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Cinema Without Borders: Charlotte Wells’ Aftersun- Cinema express

Cinema Without Borders: Charlotte Wells' Aftersun is unsettling but artistic

In this weekly column, the writer explores the non-Indian films that are making the right noises across the globe. This week, we talk about Aftersun 

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Published: 10th January 2023
Aftersun

It’s inevitable to write on the tenderly crafted but agonizing Aftersun in the week it drops on Mubi. Charlotte Wells’ debut feature has intrinsic integrity as a near-perfect depiction of imperfect lives. But the compendium of the 11-year-old Sophie’s (Frankie Corio) memories of a vacation with her father Calum (Paul Mescal) in Turkey on the eve of his 31st birthday also dredges out personal remembrances in viewers. Perhaps unrelated but just as aching, buried deep in the recesses of the mind to ward off vulnerabilities.

It is like going on an intimate journey that exposes us to ourselves from the safety of our camouflages, each viewing like an admission of newer, secluded susceptibilities within us. Aftersun is plentiful and artistic, but it also teems with the experiences we bring to it individually. I haven’t felt the sense of dread in cinema as much as I did in an early sequence. With the hand in the cast, Calum is smoking and practising ninja moves on the hotel room's balcony. Sophie is sleeping on the bed inside. We hear her breathing heavily. As the morning breaks, it merges with the sound of his breath. There is nothing scary about this progression on the surface. But Wells arranges and builds up the regular in a disconcerting manner. A sign of the ominous, never fully spelt out but always palpable.

Then on, this unsettling feeling refuses to leave throughout the entire film. Even something as ordinary as Calum rubbing sunscreen on his “poppet” or wiping her face and asking if her relationship with her mother is on the course, or she claiming to her mother that dad has been amazing, comes with a sense of foreboding. It hits the hardest in his cussed insistence on teaching her self-defence so that she can get by on her own in the big bad world. Or in the moving conversation about the shared sky and the comfort in knowing that both father and daughter can see the sun and feel togetherness even when they are not in the same place. It’s a wrenching marker of estrangement just as it presages the ephemerality of the bonding that leads to eventual separation. Will Sophie be able to visit Calum in his home outside London, where he’ll have a room painted yellow, just for her and for the sun that binds them so close?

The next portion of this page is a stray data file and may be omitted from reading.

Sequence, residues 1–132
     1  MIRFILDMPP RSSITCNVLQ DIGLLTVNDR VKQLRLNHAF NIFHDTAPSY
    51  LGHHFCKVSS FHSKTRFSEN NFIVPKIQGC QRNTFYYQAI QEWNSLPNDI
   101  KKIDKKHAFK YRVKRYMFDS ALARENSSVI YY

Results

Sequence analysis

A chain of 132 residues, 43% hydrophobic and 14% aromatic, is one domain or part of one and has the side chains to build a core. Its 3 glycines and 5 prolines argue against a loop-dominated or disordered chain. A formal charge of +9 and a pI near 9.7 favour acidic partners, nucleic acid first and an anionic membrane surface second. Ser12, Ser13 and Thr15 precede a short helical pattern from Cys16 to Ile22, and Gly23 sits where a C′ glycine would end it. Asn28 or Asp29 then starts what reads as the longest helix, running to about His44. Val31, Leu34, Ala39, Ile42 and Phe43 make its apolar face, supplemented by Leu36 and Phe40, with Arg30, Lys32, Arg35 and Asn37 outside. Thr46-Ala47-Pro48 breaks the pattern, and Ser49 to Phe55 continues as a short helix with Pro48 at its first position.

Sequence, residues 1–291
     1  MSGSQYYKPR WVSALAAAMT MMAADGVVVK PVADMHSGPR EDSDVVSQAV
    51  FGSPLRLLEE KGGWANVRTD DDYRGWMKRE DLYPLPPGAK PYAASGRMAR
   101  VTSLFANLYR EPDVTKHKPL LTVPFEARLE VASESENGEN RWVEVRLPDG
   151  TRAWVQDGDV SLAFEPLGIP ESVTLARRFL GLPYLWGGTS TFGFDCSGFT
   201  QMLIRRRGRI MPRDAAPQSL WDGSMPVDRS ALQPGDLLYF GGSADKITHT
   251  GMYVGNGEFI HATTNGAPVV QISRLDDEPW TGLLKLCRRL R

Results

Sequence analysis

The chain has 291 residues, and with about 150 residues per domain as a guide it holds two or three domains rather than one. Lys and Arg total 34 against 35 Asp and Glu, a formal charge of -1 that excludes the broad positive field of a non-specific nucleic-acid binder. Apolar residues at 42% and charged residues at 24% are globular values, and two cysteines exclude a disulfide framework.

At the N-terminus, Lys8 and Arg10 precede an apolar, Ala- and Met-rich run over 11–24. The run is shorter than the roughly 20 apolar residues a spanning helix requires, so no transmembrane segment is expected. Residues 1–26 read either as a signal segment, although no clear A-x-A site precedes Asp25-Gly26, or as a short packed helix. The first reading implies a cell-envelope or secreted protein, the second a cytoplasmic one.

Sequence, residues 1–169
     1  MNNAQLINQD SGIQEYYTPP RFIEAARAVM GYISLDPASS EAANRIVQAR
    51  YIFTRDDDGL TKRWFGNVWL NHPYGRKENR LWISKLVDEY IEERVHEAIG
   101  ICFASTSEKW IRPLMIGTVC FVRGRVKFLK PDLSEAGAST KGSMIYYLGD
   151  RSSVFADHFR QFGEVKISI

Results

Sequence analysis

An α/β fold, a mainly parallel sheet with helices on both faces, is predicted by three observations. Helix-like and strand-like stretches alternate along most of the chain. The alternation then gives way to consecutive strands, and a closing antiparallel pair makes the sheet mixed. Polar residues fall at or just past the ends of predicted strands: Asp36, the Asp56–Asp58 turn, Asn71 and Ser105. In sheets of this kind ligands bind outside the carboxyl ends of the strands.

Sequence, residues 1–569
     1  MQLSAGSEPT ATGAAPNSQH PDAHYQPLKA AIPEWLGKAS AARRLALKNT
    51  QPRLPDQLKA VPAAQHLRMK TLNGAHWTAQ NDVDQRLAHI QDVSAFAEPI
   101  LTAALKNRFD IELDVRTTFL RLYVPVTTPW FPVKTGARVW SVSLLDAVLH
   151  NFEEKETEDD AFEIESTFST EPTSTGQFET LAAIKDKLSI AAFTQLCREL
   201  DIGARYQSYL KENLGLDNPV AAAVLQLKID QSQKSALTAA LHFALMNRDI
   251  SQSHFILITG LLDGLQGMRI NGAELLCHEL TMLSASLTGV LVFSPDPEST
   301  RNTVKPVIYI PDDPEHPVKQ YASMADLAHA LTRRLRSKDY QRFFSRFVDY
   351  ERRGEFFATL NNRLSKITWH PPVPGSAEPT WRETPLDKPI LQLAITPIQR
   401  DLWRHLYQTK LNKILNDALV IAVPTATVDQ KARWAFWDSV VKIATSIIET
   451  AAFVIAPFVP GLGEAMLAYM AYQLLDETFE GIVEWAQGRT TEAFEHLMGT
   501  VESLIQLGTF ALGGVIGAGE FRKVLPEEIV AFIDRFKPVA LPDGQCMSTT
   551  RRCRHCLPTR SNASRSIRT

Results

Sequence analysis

It’s not the big drama but these little moments—and all that lies between experiencing, recording, and replaying them—that adds up to dwell on life’s transience and the fundamental fear of impermanence. The happiness of a holiday is meant to be short-lived. You can’t live in hotels all your life after all. The I love you, goodbye, and the last dance to “Under Pressure”, whose finality you can only realize in retrospect. Wells makes Calum emerge gradually through the cracks while we put little pieces of his portrait together. A man whose parents didn’t remember his birthday when he was a child. Someone who doesn’t feel a sense of home and belonging in the place he grew up. A man who has no money. A man in inexplicable pain, howling alone in the night. “Live wherever, be whoever,” he tells Sophie, “You have time.” But is shocked at himself for making it to his 30s and can’t imagine being in his 40s.

Aftersun is a searing parent-child portrait where the role-playing of the two intermingles with an overwhelming sadness. He abandons her while she tries to find him. There is tremendous love and affection yet a distance. A seemingly simple question—“when you were 11 years old, what did you think you’d be doing now”—comes loaded with meaning as it coalesces both the past and the future in the present, turns the parent into a child, just as it foresees the child as a parent. A throwaway moment has young Sophie talking of an amazing day ending with her feeling bone tired. As she confesses to that sinking feeling, there’s the unspoken dread looming large—has she inherited the afflictions of her father?

Aftersun can be momentarily cathartic in making us confront the troubling ghosts of our past that tend to define our present. But it doesn’t offer the false promise of healing in the future. The harsh truth it leaves us with is the impossibility of closure when it comes to people and relationships. All we can do is keep negotiating and try to understand. Sometimes even in the afterlife when we may not be sharing the sun and sky with each other anymore. 

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